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Homework Help: Cubical block buoyancy

  1. Dec 11, 2013 #1
    1. The problem statement, all variables and given/known data

    A cubical block of density ρb with sides lengths L floats in a liquid of greater density ρL. (A) what fraction of the blocks volume is above the surface of the liquid?
    (b) the liquid is denser than water (density ρw) and does not mix with it. If water is poured on the surface of the liquid, how deep must the water layer be so that the water surface just rises to the top of the block? Express your answer in terms of L, ρb, ρL and ρw. (c) Find the depth of the water layer in (b) if the liquid is mercury, the block is made of iron, and its side length is 10 cm.

    2. Relevant equations


    3. The attempt at a solution
    I really need to know the answers to these questions, because the idea is pretty simple, but I'm simply stuck!! For (a), I thought of the following: ρb*L3L*L2*(L-x) where x is the part which is above water. How can I find a fraction??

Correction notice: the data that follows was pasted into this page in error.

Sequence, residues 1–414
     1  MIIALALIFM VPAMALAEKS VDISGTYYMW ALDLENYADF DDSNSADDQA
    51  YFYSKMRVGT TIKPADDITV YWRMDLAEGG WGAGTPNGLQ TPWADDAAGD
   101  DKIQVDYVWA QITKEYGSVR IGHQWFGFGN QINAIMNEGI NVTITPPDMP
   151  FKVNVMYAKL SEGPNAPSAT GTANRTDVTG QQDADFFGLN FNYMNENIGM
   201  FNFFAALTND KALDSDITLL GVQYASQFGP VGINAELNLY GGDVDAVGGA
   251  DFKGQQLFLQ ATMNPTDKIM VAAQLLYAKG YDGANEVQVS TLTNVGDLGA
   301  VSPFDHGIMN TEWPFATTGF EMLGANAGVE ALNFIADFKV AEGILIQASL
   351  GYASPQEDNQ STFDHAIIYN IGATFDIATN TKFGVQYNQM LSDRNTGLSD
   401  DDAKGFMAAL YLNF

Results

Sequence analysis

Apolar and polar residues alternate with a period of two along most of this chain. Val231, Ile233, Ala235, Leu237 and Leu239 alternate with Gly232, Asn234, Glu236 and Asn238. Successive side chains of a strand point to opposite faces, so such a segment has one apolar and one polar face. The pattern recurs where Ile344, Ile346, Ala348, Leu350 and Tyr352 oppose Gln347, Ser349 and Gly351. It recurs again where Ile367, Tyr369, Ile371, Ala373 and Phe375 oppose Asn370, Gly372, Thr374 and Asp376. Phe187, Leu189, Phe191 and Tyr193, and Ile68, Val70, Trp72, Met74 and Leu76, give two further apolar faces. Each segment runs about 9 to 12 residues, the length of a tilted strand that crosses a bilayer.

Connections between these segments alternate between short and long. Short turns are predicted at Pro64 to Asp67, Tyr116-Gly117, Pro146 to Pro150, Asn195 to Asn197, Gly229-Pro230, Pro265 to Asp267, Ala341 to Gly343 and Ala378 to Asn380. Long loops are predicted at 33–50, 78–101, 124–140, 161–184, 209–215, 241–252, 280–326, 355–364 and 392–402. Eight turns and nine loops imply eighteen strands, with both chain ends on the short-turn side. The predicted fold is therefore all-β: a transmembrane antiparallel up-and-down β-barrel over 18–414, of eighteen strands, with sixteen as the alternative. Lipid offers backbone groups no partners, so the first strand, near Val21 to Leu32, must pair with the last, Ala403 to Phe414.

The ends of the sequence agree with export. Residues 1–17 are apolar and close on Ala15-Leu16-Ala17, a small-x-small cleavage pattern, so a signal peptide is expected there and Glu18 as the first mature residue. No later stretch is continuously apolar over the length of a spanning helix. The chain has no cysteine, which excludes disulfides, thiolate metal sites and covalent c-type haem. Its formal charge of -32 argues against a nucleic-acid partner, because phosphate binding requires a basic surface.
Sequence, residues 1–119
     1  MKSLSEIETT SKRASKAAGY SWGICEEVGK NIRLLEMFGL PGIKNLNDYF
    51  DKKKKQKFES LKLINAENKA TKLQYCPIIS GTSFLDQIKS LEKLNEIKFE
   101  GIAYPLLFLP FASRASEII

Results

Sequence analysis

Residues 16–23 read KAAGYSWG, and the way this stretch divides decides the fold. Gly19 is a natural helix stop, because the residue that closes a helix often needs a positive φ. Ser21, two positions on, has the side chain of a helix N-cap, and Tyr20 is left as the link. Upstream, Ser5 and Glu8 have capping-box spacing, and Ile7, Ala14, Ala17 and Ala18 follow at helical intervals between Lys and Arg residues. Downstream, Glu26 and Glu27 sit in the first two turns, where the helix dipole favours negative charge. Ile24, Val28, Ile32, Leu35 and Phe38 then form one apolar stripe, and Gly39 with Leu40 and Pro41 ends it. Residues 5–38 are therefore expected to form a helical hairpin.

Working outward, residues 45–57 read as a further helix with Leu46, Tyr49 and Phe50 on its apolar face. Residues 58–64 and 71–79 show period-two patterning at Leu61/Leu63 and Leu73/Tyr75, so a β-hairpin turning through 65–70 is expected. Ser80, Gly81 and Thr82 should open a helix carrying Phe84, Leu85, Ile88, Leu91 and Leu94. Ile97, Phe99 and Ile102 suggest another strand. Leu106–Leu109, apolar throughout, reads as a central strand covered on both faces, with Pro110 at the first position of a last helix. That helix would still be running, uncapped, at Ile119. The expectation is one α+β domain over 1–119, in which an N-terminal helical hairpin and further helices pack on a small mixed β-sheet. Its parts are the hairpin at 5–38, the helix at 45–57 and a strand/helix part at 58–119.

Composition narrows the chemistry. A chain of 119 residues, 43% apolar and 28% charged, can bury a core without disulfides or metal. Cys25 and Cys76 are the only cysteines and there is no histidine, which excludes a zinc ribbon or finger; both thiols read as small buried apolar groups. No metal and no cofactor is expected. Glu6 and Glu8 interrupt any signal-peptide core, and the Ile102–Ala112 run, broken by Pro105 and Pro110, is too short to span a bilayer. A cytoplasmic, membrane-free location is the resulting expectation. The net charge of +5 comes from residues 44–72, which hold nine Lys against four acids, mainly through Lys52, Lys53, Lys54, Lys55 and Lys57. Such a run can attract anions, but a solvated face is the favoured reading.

For (b), my mind is really freaking out. I understand that there is a surface of water ON top of the liquid ρL. If the water layer rises on top of the block, the height of it will be (L-x) while the height of the liquid with density ρL will be x itself. Can anybody please help me out?? I would really appreciate your help!
  2. jcsd
  3. Dec 11, 2013 #2


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    For a), what (in terms of L and x) is the volume of the block above the surface? What fraction is that of the block's total volume?
    (For part (a), you don't really need to assume the block floats level - it could float at any angle. You can just use volumes rather than lengths.)
    Yes, but a different x now. What weight of the denser liquid is displaced by the block now? What weight of water is displaced by the block? What equation can you write connecting those with the weight of the block?
  4. Dec 12, 2013 #3
    Hmm. I do not understand how I can give the fraction for the volumes. Can anybody show this idea to me? Please???
  5. Dec 12, 2013 #4


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    Fr part (a), you are taking the block to have side L, and a length x of that is above the water.
    What volume of the block is above the water?
    To get that as a fraction of the whole volume, you divide that by the whole volume, L3.
    You have an equation which gives you x as a function of L and the densities.
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